How about you? How well do you stay in contact? Open up your journal and spill some ink. Maybe the best way to start is by making the same type of list that I made, with all of your most beloved friends from the various stops on your life journey and how much communication you currently have with them. How does it look? Are you pretty good at making the consistent effort, or is your list as bleak as mine? Are your best best friends from childhood, like mine, or are they from a different phase of your life? Is your communication frequent enough that you have “regular conversations”, or are you stuck in “catch-up conversations” each time you talk? How many do you get together with in person? Do you have a group that still gets together for things like a “girls weekend”? How much regret do you feel from losing touch with people, and how does that compare to how much you think you will feel on your deathbed? Is it enough to get you to reach out? This listing exercise was quite therapeutic for me, and I hope it works the same for you. Leave me a reply and let me know: Have you gone dark? 

Listen to the quiet wisdom of your heart,

William

My Family’s Adopted Holiday

1975154_10202817070604257_1405049607_nHello friend,

My normally-silent cellphone was buzzing on Monday.  It was St. Patrick’s Day, and text messages were flying across the country seemingly every few minutes, loaded with photos of all sorts of green and/or shamrock-shaped food and other shenanigans.  It wasn’t my friends out on the town getting silly on green beer.  No, it was simply my siblings and parents, each in their respective homes, celebrating this minor holiday in a major way.  They were putting photos and comments on Facebook, too, sharing recipes for home-made shamrock shakes and photos of big spreads of corned beef & cabbage and shamrock cookies.  I have four siblings, and every single one—along with my parents—were doing the day for all it is worth, and then some.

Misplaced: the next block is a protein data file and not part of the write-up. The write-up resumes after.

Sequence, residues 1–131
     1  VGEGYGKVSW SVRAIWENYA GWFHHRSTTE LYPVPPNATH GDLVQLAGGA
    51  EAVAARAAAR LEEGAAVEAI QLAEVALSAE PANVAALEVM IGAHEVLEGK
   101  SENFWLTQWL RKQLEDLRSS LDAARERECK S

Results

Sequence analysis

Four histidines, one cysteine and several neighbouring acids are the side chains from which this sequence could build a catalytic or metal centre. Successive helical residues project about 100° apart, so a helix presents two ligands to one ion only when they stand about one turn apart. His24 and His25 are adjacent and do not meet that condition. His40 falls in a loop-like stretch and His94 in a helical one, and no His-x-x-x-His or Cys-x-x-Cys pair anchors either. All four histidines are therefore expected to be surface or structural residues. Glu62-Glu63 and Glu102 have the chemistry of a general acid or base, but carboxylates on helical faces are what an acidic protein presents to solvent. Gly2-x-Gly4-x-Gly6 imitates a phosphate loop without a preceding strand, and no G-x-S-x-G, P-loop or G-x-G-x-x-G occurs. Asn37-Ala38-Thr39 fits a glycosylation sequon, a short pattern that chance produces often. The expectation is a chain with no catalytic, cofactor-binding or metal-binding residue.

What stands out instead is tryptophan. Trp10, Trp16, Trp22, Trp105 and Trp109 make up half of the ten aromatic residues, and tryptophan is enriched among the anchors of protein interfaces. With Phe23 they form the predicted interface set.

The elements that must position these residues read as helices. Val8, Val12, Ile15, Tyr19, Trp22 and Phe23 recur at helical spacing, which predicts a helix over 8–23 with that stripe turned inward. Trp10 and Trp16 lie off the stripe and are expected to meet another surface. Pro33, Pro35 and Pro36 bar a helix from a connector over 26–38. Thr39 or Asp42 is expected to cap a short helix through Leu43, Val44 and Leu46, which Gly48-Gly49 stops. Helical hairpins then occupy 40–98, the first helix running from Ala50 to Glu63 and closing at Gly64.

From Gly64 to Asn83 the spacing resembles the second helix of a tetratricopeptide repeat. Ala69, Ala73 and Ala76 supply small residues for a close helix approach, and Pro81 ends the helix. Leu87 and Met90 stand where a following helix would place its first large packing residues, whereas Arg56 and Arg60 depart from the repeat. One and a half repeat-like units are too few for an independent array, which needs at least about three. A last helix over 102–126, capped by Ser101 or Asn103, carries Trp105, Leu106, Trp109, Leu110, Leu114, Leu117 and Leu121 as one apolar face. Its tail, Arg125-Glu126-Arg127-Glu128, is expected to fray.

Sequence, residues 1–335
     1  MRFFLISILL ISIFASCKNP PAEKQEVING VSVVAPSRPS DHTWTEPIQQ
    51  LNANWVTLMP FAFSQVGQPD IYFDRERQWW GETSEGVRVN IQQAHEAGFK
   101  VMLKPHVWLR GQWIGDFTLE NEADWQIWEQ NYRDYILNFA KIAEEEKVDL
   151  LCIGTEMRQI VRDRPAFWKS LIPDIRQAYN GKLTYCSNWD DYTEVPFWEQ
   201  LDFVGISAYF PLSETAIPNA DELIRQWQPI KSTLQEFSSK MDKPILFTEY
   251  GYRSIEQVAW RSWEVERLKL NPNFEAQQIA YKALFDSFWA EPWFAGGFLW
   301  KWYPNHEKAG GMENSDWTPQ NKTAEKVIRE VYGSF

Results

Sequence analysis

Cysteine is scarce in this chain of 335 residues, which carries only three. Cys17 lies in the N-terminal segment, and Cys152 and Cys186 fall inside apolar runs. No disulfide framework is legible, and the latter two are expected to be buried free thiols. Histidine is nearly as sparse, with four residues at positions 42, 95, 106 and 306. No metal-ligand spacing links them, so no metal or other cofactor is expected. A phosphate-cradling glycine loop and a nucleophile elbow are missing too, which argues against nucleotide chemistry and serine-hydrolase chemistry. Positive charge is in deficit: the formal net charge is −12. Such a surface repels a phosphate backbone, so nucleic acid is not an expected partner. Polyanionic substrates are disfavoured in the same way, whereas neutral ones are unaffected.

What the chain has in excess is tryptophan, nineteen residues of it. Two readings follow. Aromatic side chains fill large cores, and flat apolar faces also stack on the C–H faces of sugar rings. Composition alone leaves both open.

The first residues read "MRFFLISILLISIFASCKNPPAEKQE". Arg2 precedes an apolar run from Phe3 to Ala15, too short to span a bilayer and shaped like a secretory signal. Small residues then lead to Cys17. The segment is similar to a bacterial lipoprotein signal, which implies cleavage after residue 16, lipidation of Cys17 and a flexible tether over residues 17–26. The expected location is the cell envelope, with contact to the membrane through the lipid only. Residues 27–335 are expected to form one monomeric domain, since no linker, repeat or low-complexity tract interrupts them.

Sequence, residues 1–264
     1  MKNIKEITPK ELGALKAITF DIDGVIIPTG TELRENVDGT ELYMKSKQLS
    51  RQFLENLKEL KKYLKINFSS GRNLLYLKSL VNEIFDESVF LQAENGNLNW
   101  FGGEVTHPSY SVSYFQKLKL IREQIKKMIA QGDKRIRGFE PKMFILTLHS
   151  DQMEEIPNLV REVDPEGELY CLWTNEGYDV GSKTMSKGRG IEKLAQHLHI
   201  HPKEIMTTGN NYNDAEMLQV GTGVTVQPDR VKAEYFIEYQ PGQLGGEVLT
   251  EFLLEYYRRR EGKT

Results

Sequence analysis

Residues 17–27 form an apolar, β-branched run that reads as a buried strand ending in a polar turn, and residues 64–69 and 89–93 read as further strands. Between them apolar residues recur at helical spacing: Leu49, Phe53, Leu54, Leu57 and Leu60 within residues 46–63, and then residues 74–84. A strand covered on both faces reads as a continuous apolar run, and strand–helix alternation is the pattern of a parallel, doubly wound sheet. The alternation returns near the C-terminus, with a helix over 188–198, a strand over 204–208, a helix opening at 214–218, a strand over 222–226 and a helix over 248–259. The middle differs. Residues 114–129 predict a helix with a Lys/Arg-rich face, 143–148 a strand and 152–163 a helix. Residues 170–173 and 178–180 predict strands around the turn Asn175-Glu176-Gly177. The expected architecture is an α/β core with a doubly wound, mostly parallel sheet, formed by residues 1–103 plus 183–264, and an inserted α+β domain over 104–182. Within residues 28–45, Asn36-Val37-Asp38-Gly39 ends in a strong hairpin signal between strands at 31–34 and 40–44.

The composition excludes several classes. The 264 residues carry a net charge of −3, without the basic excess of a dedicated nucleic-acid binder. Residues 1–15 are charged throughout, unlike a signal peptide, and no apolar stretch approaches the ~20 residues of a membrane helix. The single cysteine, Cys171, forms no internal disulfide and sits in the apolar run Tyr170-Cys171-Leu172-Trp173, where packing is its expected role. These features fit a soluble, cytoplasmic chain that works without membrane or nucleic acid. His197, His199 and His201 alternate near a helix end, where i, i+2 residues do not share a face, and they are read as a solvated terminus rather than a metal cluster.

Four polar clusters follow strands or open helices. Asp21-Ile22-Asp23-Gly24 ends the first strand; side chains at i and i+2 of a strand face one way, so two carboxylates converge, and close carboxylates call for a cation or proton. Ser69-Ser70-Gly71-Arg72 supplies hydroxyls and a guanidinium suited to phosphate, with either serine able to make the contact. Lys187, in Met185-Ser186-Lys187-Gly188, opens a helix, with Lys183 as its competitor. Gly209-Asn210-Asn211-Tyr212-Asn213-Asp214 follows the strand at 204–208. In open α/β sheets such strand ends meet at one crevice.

As I watched the messages and photos pour in, I couldn’t help but think we are an odd bunch, making St. Patrick’s Day our unofficial family holiday.  To most people, I think this holiday is nothing more than a chance to get an extra party night in the year or to wear a green shirt as a conversation piece in an otherwise normal day.  Otherwise, on every 17th day of March, the world goes on the same as it did on the 16th or 25th day.  Schools are in session, banks are open, and no one is gearing their vacation around it.  As holidays go, it is more April Fool’s Day or, at best, Halloween, than it is Thanksgiving or Christmas.  Those are the big ones, the ones that not just get families together but bind them together.